The Electricity Ministry announced Tuesday that eight of its engineers and technicians had been kidnapped and murdered the day before by unknown gunmen in east Baghdad. The eight were travelling to a training session out of town when they were abducted. Relatives identified their bullet- riddled bodies in a hospital, ministry spokesman Aziz Al-Shamari said. In Mosul, 225 miles northwest of Baghdad, gunmen ambushed a car in the city centre, killing three men and a woman, police Brig Gen Abdul-Karim Al-Jubouri said.
Despite all this, the American president, who arrived in Sydney Tuesday following his Iraq stop, insisted that "the security situation is changing, so that reconciliation [in Iraq] can take place". He added that the fact that the Iraqi legislature had passed 60 pieces of legislation "was illustrative of a government that's beginning to work".
The much anticipated report on political progress in Iraq by a non-partisan Congressional watchdog, the Government Accountability Office (GAO), released on Tuesday, flatly contradicted Bush, characterising the Iraqi government as "dysfunctional" and concluding that it had failed to meet most US Congress targets.
The Iraqi government had met three targets fully, partially met four but failed to make progress towards 11 of 18 benchmarks. "Overall key legislation has not been passed, violence remains high, and it is unclear whether the Iraqi government will spend $10 billion in reconstruction funds," said the report.
It is "unclear", it continued, whether sectarian violence in Iraq has decreased since it is difficult to assess whether the perpetrator's intents are sectarian in nature.
"As Congress considers the way forward in Iraq," said the report, "it should balance the achievement of the 18 Iraqi benchmarks with military progress and with homeland security goals, foreign policy goals and other goals of the United States."
On Tuesday, the most senior US commander in Iraq hinted that he may recommend a reduction in US troop numbers to avoid placing strain on the army.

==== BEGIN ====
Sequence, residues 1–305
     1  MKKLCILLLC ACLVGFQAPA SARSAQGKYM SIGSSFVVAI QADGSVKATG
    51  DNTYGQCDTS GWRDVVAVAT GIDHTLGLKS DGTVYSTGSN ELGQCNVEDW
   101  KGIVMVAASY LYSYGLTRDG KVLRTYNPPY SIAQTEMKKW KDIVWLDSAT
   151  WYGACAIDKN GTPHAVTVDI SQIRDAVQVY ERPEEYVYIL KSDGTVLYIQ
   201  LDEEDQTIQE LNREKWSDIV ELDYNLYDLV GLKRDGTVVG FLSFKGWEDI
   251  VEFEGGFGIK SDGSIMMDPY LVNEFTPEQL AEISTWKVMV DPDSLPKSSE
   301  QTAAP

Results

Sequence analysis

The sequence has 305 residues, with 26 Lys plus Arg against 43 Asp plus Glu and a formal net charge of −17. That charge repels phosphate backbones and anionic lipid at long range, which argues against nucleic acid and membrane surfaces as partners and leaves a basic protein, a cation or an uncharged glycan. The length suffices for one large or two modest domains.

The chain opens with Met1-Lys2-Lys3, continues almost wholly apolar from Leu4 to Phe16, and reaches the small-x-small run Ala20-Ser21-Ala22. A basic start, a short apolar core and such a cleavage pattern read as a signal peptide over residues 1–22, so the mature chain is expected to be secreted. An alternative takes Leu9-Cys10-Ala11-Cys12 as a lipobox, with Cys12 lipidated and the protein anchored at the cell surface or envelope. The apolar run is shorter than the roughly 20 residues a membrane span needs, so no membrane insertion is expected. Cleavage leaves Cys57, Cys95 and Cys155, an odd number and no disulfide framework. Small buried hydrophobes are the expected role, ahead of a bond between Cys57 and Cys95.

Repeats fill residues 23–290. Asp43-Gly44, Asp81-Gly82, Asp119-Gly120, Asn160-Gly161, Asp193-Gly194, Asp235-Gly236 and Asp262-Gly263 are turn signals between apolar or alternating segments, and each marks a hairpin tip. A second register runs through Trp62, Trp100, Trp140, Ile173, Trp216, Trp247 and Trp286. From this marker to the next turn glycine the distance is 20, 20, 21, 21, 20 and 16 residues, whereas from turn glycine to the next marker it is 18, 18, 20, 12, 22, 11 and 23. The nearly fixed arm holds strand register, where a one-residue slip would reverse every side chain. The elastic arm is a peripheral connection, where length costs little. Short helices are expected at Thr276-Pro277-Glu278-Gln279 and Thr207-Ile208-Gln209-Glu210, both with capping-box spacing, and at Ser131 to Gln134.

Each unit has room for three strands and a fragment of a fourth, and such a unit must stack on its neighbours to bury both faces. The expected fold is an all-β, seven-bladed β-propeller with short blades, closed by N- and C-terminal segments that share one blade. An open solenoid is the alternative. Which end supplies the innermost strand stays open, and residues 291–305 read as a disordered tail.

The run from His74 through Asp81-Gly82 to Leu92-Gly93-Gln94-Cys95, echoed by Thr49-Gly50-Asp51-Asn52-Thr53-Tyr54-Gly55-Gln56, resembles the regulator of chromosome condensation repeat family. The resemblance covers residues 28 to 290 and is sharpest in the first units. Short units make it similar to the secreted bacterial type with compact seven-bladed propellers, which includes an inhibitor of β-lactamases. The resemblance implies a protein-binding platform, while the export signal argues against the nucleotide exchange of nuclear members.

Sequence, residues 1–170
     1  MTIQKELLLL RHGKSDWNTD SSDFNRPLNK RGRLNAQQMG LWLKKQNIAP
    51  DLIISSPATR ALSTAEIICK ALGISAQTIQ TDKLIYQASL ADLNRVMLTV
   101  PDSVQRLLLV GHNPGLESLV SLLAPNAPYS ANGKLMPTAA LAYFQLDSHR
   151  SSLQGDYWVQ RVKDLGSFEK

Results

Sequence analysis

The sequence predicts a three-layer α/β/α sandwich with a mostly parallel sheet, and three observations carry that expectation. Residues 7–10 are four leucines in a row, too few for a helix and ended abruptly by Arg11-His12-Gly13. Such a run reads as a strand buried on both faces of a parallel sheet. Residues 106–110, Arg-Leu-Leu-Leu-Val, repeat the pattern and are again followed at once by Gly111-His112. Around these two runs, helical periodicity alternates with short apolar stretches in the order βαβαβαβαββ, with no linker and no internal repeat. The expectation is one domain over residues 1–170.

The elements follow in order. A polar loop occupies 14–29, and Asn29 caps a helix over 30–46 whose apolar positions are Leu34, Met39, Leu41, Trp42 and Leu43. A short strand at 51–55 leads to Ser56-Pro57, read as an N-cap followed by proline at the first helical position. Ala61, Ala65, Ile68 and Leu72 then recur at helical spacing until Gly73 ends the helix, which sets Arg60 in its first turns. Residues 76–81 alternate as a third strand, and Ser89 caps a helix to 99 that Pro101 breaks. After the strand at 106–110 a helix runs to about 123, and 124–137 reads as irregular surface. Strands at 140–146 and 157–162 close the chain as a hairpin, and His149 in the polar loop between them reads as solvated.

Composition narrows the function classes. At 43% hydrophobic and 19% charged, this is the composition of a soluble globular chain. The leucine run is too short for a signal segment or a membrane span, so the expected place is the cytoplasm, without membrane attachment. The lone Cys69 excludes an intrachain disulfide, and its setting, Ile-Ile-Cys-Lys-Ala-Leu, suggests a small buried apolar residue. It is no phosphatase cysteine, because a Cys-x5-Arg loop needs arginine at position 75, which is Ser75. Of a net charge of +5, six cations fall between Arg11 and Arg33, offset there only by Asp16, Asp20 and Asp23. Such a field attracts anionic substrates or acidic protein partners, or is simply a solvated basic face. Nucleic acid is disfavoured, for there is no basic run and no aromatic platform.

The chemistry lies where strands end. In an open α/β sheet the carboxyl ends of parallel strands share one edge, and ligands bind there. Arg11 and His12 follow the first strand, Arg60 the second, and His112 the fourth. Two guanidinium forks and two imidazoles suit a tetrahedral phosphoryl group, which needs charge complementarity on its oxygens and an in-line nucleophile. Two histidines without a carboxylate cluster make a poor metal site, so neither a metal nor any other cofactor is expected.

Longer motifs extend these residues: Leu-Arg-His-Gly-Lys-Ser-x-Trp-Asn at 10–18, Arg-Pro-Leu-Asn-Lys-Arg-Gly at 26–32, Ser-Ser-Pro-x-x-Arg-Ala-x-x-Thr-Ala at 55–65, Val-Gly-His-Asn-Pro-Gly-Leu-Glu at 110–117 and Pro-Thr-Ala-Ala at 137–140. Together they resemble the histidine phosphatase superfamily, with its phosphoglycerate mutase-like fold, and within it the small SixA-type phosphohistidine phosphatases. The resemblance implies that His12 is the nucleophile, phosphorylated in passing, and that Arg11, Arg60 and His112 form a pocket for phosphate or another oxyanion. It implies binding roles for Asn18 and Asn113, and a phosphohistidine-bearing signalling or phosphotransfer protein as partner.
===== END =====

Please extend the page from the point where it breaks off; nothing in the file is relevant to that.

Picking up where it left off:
General David Petraeus told US television there were "limits" to what the military could do, but agreed that next March was "about right" for reductions. The general is due to present his much anticipated assessment of US military strategy in Iraq to Congress next week.
The Number 2 US commander in Iraq said Tuesday the next three to four months will be "crucial" in determining whether the US can start to withdraw troops from Iraq without sacrificing security gains since the troop build-up began early this year. "I think the next three to four months are critical," Ray Odierno told reporters. "I think that if we can continue to do what we are doing we'll get to such a level where we think we can do it with less troops."
On Tuesday, an Al-Qaeda front group announced on an Islamist website that it was forming new suicide battalions to strike at the Americans and their "renegade" allies -- an apparent response to the burgeoning revolt against the terror movement.
"These battalions, with God's help, will perform their duties in an excellent manner during the month of Ramadan and the enemies of God will suffer a lot," the statement said, referring to the Islamic season of fasting that begins in two weeks.
Odierno said US forces were alert to the possibility of increased attacks during Ramadan but in the run-up to the holy month "violence has been going down". (see Editorial p10)
Additional reporting: Associated Press